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Sources Bookshelf

Choosing and Using a News Alert Service

Berkman, Robert
Publisher:  Information Today and Find/SVP, Medford, USA
Year Published:  2004  
Pages:  118pp   ISBN:  1-57387-224-5

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Berkman is not identified in this book, but he appears to be the same Robert Berkman who has written information retrieval and reference books for the past twenty-five years or so. The date of publication here is actually August 2004, so it is really current. Overall, there are 81 pages of text; the balance is comparative tables. News alerts are E-mail messages that keep you current on any themes you tell such a service to do for you. You'll want to keep ahead of the competition, so time is of the essence. His definition: news alerts services scan and index text for subscriber's keywords, and automatically alert subscribers to those news items. The idea is not new: twenty years ago there used to be FAX alert services (in fact, Sources was poised to get involved at one point).

Now, text comes from all over the Web: trade journals, online news, blogs, audio-visual clips, Usenet, Web forums, Listservs, both domestic and international, and in different languages - sometimes with machine-generated translations. Usually, several thousand different news sites and sources are scanned.

For businesses, you can track news on specific companies, products, and general industry news.

The news alerts filter the vast amount of news on the web today, producing "niche news". The next step is wireless alerts for all phones: Yahoo! Mobile, AP, ABC News are already there#

The best news alerts are obviously the ones that charge a fee, or are part of a fee-based online subscription service. They can afford the resources for powerful keyword search options. So you get what you pay for. In general, RSS readers, Web page monitors, E-mail newsletters, and TOC (tables of contents) alert services are free. To get prime value, in terms of quantity, quality or depth, you must pay. It costs the news alert service money to implement its product, such as using proximity searching, and to provide customer support. Free services, which use advertising, can only pay a few bills. Berkman reviews and compares the feature/price quality ratios of twenty news alert services, commenting on how well they performed. There are many tables and plenty of screen shots, mostly dated from 2003. There is no index, but there are lists of key business news sources.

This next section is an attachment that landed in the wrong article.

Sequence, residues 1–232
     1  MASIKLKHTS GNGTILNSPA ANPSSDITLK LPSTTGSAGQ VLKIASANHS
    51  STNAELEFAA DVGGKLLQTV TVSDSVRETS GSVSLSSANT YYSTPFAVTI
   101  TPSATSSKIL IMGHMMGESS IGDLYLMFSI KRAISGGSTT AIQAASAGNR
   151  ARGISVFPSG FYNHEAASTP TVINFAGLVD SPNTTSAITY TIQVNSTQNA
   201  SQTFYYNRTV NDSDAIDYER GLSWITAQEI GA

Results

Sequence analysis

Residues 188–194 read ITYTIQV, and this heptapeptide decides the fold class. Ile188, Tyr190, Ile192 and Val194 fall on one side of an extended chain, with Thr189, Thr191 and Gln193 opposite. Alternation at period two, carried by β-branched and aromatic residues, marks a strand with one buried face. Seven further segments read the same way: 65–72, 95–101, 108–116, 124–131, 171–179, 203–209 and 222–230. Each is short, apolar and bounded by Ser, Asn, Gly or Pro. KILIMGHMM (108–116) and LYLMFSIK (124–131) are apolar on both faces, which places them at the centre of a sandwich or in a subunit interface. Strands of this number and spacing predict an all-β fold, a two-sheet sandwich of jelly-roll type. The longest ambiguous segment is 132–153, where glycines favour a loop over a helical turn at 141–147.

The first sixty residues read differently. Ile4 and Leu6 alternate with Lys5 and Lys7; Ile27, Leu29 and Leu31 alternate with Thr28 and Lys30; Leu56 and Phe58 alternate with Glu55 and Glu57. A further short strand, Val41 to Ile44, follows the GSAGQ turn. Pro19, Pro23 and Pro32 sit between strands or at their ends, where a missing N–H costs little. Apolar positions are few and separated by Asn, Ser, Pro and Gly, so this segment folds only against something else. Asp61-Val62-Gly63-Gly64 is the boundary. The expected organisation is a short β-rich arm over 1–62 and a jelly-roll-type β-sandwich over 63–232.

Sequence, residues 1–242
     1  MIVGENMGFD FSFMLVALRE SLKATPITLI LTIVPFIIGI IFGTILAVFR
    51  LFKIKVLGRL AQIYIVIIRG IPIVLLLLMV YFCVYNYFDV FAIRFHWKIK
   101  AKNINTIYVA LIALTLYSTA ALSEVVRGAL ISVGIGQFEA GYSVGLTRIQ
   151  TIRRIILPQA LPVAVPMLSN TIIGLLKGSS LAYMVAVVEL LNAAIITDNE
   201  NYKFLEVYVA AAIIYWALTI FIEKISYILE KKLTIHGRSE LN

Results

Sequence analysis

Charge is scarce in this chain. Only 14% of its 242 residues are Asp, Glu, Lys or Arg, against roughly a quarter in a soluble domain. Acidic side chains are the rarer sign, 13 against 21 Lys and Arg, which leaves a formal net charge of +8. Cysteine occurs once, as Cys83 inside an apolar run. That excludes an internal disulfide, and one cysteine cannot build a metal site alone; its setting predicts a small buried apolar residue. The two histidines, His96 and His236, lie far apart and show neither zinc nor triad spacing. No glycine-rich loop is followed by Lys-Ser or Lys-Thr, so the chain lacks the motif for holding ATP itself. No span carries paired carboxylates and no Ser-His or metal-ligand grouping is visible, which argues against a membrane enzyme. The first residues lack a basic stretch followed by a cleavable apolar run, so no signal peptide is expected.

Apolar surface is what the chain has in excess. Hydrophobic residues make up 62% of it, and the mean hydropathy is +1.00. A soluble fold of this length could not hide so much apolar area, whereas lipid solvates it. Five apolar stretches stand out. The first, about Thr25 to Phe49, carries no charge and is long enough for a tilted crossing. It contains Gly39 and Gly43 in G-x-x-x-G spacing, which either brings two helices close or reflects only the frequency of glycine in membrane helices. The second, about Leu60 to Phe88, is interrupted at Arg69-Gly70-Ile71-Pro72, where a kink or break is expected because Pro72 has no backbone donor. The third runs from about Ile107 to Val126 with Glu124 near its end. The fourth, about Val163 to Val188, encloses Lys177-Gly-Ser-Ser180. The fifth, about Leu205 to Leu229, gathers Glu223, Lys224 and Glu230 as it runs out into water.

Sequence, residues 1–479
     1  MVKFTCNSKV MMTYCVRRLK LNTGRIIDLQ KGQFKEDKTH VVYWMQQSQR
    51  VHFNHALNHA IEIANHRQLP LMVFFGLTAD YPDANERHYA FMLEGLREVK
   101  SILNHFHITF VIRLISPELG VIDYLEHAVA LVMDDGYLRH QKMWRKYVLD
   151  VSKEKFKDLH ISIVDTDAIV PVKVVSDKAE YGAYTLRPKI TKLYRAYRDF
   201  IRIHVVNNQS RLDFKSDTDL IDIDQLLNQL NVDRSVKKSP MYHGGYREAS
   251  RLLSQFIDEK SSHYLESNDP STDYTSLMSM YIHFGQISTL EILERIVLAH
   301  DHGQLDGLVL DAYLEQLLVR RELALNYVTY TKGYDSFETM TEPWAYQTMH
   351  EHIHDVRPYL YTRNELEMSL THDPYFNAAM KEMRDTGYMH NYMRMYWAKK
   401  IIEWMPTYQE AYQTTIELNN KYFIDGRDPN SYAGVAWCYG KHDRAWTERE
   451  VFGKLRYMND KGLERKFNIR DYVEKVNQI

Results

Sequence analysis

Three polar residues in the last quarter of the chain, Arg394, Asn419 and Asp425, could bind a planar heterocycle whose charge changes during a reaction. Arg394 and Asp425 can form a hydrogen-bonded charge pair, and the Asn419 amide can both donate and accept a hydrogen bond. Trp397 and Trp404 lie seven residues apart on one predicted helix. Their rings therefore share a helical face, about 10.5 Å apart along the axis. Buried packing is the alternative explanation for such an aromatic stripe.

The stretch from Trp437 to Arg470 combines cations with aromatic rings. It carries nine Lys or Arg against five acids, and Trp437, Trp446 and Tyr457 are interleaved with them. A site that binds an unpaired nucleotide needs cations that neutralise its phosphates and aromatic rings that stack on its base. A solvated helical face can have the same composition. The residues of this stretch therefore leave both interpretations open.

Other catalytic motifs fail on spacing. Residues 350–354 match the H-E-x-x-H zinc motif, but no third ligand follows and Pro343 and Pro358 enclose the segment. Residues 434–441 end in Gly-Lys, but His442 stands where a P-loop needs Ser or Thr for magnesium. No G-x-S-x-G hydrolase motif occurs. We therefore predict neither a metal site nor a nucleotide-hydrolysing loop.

Audience or interest level: news junkies, business people who require up to the minute ticker data.

Some interesting facts: Most of us will only want to know his findings: his top picks are Google News Alerts (free), NetContent/Intellisearch (cheap), Dialog NewsEdge (premium) and Lexis/Nexis (also premium).

What I don't like about this resource: no ID for Berkman, Also, the Web is in a state of flux. A few news alerts had closed shop since the book began to be written.

What I do like about this resource: he notes that my old research buddies Dialog and Nexis are still around and have moved into the news alert business, still charging fees. Nothing has been able to beat them since they began operating over a quarter of a century ago. Berkman notes some material on "specialized" news alert services that scan items such as new patent filings, recent mergers, and company filings. Most can be free, especially for sending you the announcement. If you want details, you'll need to pay a modest price.

Quality-to-Price Ratio: if this is the usual corporate report, as a tax-deductible expense, give it an 85.

[Review by Dean Tudor]

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